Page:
Dentures


Dentures (also known as false teeth) are prosthetic devices constructed to replace missing teeth, and which are supported by surrounding soft and hard tissues of the oral cavity. Conventional dentures are removable; however there are many different denture designs, some which rely on bonding or clasping onto teeth or dental implants. There are two main categories of dentures, depending on whether they are used to replace missing teeth on the mandibular arch or the maxilary arch.

Dentures can help patients in a number of ways:
  1. Mastication - chewing ability is improved by replacing edentulous areas with denture teeth.
  2. Aesthetics - the presence of teeth provide a natural facial appearance, and wearing a denture to replace missing teeth provides support for the lips and cheeks and corrects the collapsed appearance that occurs after losing teeth.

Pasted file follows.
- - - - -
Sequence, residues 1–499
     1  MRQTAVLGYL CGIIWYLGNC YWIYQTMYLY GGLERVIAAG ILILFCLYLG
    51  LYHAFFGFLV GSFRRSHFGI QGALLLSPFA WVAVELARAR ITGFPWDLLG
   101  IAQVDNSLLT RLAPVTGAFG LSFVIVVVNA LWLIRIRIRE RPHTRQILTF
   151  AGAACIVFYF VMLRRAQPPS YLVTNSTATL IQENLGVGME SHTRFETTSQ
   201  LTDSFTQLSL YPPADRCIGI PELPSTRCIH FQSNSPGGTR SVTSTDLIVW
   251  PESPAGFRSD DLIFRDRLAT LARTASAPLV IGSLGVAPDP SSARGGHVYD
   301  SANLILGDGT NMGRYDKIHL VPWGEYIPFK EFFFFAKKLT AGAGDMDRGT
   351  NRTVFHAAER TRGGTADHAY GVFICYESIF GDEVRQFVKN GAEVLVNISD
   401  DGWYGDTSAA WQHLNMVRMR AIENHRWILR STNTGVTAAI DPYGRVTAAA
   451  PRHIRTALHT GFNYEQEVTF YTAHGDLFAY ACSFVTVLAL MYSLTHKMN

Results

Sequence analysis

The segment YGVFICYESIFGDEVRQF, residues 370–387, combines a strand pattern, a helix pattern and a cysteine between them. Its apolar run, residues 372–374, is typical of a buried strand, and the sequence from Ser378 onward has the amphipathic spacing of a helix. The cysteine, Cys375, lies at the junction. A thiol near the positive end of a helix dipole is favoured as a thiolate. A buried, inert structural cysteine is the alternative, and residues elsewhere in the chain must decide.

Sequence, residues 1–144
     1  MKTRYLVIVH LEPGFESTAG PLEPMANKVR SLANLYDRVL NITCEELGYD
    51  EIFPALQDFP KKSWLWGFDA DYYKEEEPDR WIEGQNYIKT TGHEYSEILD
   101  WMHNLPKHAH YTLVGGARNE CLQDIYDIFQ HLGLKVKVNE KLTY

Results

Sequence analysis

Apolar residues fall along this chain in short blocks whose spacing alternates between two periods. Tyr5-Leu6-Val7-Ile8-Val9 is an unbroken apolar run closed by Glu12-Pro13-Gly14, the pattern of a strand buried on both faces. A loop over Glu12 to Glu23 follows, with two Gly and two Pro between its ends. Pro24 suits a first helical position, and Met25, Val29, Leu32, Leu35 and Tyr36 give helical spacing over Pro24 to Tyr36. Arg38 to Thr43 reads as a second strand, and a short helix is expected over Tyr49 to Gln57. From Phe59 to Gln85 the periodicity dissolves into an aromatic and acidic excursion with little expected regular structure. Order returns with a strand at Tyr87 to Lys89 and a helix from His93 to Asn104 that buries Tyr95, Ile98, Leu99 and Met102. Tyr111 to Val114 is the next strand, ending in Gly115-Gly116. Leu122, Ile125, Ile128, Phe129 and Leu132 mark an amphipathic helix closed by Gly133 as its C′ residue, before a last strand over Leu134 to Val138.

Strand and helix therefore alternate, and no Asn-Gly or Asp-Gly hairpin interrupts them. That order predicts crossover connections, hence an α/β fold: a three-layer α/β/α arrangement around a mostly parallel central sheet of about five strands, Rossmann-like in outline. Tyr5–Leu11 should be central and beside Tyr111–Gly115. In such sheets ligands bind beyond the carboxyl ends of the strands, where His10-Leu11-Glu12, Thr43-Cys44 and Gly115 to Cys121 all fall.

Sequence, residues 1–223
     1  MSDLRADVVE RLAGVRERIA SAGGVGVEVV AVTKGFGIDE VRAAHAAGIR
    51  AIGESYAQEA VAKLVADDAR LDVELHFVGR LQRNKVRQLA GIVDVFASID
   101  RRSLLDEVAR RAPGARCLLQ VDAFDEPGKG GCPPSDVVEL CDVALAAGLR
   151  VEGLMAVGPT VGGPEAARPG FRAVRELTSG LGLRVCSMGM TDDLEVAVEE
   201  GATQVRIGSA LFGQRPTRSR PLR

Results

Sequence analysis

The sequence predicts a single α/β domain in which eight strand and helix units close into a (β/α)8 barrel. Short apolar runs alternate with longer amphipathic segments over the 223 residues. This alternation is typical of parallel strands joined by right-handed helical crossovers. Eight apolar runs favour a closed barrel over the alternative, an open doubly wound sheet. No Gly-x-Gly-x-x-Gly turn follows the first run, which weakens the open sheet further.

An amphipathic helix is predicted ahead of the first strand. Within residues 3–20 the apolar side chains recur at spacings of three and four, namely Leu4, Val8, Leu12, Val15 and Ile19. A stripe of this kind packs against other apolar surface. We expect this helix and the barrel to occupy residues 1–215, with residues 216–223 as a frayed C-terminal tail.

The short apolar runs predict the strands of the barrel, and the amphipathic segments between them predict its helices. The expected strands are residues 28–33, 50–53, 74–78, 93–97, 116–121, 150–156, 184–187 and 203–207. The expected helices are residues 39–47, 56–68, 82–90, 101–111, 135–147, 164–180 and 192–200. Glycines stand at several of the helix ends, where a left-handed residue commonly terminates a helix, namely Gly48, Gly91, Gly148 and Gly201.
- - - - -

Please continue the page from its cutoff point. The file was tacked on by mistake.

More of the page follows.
3. Phonetics - by replacing missing teeth, especially the anteriors, patients are better able to speak by improving pronunciation of those words containing sibilants or fricatives.
  4. Self-Esteem - Patients feel better about themselves.

Removable partial dentures


Removable partial dentures are for patients who are missing some of their teeth on a particular arch. As the name implies they are removable. Depending on the number of missing teeth a removable or a fixed partial denture can be made to replace the missing teeth. Fixed partial dentures, also known as "crown and bridge", are made from crowns that are fitted on the remaining teeth to act as abutments and pontics made from materials to resemble the missing teeth. Fixed bridges are more expensive than removable appliances but are more stable since they are cemented on permanently.

Complete dentures


Conversely, complete dentures or full dentures are worn by patients who are missing all of the teeth in a single arch (i.e. the maxillary (upper) or mandibular (lower) arch).